Another reason longer kayaks may be used is for kayakers who hope to build up a lot of speed. These kayaks will also have a very narrow beam, possibly under 24 inches.
For those who are exceptionally tall, they often assume a long kayak will afford them better options. Short kayaks are designed to be more compact. Often they have less storage and are meant for shorter trips, though this is not always true.
The best short kayaks are also normally designed to handle rapids well. As previously stated, many tall kayakers tend to believe a long kayak will be better for their height. However, the short kayaks can be just as comfortable. It truly depends on the cockpit size of the kayak, not on the length of the kayak.
It’s a good idea to find the measurements of the cockpit on the kayak you’re considering purchasing. Then, measure your own legs to ensure you’ll fit properly and be comfortable.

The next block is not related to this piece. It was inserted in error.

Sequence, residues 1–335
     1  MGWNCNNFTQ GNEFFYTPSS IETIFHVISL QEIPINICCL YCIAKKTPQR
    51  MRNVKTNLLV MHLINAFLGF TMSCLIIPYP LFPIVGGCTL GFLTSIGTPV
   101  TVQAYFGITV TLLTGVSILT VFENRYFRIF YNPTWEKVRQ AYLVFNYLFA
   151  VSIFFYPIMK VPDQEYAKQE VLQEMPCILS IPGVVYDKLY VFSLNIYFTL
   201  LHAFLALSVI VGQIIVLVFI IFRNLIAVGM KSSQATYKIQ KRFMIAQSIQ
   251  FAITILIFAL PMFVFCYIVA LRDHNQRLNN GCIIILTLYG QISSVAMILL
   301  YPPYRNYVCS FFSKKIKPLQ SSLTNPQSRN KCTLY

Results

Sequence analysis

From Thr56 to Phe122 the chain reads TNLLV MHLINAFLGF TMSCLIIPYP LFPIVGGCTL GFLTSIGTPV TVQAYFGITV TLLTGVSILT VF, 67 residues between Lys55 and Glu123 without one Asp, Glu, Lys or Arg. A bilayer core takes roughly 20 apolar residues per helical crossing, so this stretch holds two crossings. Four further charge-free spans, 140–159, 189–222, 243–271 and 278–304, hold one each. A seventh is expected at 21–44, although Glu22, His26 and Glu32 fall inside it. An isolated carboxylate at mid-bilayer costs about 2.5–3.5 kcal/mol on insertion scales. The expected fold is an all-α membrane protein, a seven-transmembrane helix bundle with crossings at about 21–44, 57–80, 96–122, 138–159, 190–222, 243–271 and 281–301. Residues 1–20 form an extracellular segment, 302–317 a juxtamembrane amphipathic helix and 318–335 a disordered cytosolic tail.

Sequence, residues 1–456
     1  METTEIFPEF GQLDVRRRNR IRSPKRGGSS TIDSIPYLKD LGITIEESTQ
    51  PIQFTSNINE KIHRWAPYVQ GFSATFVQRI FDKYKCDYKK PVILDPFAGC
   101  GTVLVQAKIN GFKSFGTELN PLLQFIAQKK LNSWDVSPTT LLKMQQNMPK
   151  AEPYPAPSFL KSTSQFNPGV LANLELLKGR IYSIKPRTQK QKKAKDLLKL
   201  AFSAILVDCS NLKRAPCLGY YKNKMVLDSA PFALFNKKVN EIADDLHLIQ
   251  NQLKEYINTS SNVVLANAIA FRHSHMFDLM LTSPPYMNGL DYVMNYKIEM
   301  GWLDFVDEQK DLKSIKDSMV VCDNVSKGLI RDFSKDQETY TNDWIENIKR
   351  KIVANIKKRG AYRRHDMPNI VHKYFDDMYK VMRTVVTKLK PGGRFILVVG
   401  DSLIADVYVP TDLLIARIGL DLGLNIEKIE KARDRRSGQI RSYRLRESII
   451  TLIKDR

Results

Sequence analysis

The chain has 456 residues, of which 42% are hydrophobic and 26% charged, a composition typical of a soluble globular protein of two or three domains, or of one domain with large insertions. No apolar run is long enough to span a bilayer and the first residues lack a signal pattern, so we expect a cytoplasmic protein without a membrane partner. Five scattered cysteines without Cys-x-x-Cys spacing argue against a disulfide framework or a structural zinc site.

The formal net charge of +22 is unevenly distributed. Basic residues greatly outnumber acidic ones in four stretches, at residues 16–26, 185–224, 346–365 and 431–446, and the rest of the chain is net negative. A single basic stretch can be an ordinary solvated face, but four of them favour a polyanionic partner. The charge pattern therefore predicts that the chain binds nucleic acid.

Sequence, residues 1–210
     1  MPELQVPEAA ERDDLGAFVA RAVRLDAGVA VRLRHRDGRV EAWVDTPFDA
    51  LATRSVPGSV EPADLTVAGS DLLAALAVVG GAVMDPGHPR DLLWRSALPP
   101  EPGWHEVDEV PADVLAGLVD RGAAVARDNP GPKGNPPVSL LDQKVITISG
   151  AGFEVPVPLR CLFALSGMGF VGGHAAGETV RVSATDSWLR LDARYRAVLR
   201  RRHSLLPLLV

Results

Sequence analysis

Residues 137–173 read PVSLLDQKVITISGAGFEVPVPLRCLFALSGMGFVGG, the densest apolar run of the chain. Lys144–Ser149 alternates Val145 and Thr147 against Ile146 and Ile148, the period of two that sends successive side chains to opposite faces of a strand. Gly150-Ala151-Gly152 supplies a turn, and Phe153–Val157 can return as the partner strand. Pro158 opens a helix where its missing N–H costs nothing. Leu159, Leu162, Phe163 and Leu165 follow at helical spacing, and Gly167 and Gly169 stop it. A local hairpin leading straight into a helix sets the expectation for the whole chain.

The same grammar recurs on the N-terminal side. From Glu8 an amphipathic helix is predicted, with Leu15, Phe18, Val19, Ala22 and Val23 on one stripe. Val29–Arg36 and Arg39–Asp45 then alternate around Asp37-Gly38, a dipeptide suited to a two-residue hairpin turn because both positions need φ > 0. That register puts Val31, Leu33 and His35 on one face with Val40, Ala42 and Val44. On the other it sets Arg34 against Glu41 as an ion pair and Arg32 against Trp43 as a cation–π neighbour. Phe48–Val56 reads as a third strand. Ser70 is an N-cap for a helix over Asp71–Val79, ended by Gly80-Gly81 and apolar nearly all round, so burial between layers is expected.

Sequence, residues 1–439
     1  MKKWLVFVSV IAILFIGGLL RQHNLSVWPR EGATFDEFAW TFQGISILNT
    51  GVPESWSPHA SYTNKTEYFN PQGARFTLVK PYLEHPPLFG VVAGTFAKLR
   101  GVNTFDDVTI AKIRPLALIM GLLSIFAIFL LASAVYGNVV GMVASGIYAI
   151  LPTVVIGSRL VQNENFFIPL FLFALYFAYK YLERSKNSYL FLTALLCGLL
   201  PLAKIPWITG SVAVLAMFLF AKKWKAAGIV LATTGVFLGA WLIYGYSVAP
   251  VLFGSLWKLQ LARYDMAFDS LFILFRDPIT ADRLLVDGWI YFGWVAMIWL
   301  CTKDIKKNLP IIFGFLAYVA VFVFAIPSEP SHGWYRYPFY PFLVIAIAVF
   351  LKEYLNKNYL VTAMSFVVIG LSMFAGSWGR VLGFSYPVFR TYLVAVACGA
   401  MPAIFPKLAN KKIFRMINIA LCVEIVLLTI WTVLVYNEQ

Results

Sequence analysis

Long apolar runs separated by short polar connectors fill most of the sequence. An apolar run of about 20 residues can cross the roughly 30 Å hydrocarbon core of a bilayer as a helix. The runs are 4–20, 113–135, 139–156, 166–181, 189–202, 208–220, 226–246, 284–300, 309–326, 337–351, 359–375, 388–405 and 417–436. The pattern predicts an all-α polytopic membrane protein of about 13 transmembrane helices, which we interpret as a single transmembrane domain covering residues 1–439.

Heavy vs. Lightweight Kayaks
Choosing a heavy or lightweight kayak can be even more confusing. There are strong advantages to each, but let’s start with the basics.
If you’re the type of kayaker who sees a lake while out driving and stop to check it out in your kayak, a heavy kayak is not the best option. Heavy kayaks are often very difficult to take down to the water’s edge.
However, if you know without a doubt you will always have a kayaking partner, the weight may not matter as much as you can tag team carrying your kayaks.
Heavy kayaks have the added benefit of being more stable in the water. Their weight simply allows them to withstand tough waves. Conversely, if the kayak does tip, you will then have a more difficult time flipping the kayak.